However, it does (I would argue) show why online mobbing and public shaming is so prevalent – whoever is doing it sees it as morally acceptable, because they see the consequences as desirable/happiness-inducing, hence making the act itself a moral one. Or, to use a much simpler phrase than all of this:
Utilitarianism allows us to think that the ENDS justify the MEANS.
Under this view, it’s acceptable to undertake acts that may be unpleasant in some way, as long as the end result is good. For instance, one might think that sharing the Ashley Madison hack data will lead to less cheating/helping numerous cheated-upon partners. They might therefore think the means of sharing private information is okay because the end is something desirable and happiness-inducing for a majority.
This majority is another key aspect of the theory, and it also is well-known in one of the main criticisms of Utilitarian thought: the tyranny of the majority.
Utilitarianism can be seen as a numbers game – it’s all about the most happiness for the most people. This can lead to views such as it being okay for a small number of people to suffer if it brings about greater happiness, or even an ignorance of the quality of happiness. The minor discomfort many comedians might feel about having to change their sets in order not to offend people may well be seen as causing more pain than happiness – after all they and their fans are amajority so when we look at the numbers we may decide that raising a bit of happiness for a minority at the cost of decreasing happiness for a majority isn’t the ‘ethical’ thing to do.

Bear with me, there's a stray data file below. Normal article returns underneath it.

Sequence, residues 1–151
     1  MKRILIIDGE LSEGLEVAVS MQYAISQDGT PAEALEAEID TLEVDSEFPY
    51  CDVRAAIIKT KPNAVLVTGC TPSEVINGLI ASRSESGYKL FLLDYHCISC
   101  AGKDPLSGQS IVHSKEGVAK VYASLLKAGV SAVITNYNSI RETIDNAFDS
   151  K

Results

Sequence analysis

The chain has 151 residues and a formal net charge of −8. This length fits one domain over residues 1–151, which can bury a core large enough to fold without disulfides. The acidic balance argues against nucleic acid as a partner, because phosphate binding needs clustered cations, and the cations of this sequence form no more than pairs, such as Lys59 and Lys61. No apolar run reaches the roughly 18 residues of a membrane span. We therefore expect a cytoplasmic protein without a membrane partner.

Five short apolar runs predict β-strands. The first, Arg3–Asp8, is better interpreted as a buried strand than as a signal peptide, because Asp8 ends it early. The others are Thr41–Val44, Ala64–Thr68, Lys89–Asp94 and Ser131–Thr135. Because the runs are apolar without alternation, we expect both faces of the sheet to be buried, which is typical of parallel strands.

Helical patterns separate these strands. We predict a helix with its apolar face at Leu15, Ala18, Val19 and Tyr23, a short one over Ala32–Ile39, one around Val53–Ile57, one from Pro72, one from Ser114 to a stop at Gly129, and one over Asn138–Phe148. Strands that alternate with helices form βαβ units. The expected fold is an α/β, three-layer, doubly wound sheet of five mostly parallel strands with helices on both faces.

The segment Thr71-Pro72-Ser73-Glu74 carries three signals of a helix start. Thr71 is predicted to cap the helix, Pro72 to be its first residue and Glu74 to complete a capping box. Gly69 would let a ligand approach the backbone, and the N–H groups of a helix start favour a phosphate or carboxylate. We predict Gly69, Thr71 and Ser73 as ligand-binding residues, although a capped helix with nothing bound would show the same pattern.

(Again this is where the attempt to make any action that causes pain something unethical comes in – and again, we’ve briefly discussed that this may solve one problem, but it raises new ones.)
Utilitarian thought inherently holds up structures of oppression and power – it allows the happiness of the majority to be seen as the most important thing, letting pre-existing structures remain in place because they’re seen as ethical under this view. This is why I find it concerning how many people who are against these oppressive structural systems subscribe to Utilitarian ethical norms. Replacing the old structures with new things built within the same ethical framework will almost certainly lead to the same issues – indeed, I’d argue that this is what we see so often with the ‘old guard’ of certain aspects of feminism, and why trans-exclusive feminists and sex work abolitionist feminists so often seem to fall in with the same rhetoric of the structures they claim to oppose.
The tendency to consider the internet as ‘just’ the internet, less real than the ‘real world’ or as a place that harassment, pain and other such things cannot happen worsens the impact of Utilitarian thought. When we are no longer counting those we interact with as ‘real people’ their weight in our numbers game decreases. Our ‘real world’ happiness seems much more importantly than their ‘just’ online pain.